BOOM! There it was. I hadn’t wanted to admit it because I invested so much in this diet, and I’d had such high hopes of it being the ‘miracle cure’. Don’t get me wrong – I don’t think you can do yourself any harm by following the diet – in fact, if everyone ate SCD, we’d all be a lot healthier on the whole.

But if I’m honest, I can see that SCD wasn’t the perfect solution for me, because:

  • I’m still experiencing bloating, cramps and general abdominal discomfort
  • I still suffer from frequent constipation
  • I haven’t managed to get my sugar cravings and binges under control (*yes… hangs head in shame – no binges during SCD though!)

Even though my most recent blood tests, about three months ago, revealed that my inflammation levels were FINALLY normal, my nutritionalist believes that my body is far from healed. The evidence is:

  • Eczema/psoriasis (angry red spots all over my legs)
  • Joint pain
  • Dry eyes

She explained that when you have one autoimmune disease, you’re far likelier to have others – and my symptoms are all indicators of ongoing gut problems. In fact, she pointed out that once these symptoms start to clear up, I’ll know that my ulcerative colitis is truly under control.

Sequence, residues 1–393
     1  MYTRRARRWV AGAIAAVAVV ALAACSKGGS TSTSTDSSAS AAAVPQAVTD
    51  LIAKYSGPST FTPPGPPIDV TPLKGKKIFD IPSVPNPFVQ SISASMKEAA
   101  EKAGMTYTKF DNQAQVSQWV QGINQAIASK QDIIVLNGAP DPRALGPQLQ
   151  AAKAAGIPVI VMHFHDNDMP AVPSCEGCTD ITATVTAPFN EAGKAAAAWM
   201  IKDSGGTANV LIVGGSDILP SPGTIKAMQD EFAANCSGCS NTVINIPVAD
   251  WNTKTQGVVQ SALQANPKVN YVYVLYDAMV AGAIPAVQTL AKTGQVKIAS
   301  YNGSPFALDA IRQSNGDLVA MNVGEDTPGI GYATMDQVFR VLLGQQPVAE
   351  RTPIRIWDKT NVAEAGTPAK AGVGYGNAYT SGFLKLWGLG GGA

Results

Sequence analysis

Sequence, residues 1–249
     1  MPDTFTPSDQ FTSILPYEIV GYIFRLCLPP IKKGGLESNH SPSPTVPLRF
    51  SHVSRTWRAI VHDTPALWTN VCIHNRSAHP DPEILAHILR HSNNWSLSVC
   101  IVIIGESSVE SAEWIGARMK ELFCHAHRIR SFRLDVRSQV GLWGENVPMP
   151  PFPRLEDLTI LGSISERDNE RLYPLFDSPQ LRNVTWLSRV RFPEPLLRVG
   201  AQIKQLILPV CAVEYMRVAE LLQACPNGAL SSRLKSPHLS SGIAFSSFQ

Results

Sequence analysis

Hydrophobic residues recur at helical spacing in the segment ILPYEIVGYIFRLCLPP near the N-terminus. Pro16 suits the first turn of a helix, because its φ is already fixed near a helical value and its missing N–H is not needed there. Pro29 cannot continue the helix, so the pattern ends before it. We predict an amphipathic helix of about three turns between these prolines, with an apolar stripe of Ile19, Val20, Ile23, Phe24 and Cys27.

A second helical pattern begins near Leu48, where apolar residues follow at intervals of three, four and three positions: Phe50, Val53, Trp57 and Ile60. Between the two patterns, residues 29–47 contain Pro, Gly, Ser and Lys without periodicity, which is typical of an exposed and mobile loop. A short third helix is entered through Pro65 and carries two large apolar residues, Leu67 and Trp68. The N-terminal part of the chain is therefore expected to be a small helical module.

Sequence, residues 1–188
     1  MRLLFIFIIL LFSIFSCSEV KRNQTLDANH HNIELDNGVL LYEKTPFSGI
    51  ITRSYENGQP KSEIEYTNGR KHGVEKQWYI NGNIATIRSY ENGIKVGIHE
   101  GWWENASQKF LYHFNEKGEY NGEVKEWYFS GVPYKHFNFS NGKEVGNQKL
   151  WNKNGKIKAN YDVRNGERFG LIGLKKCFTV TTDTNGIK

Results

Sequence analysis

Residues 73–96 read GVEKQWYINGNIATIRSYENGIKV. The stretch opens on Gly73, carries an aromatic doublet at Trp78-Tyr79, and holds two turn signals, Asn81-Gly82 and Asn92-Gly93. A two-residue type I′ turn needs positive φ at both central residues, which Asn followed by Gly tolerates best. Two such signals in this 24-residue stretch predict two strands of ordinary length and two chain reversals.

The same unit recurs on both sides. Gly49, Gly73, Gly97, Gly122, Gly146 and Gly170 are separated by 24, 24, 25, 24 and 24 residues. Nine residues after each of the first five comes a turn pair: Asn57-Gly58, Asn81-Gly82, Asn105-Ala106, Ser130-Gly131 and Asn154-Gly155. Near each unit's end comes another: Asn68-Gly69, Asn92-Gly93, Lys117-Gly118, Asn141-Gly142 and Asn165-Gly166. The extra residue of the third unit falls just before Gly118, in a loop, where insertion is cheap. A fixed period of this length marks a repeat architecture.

She suspects I have leaky gut (and I finally understand it properly!), and she’s testing me for several things that she feels could be contributing to inflammation, namely: bacteria levels in my gut, stomach acid levels, and iron and Vitamin D levels.

For months now I’ve been stumbling around in the dark on my own, and although I’ve used many excellent and reputable sources for guidance, it’s great to have a real, live, QUALIFIED person to talk to. Gut feel alone is not enough – if you’ll excuse the pun.

The diet: Autoimmune paleo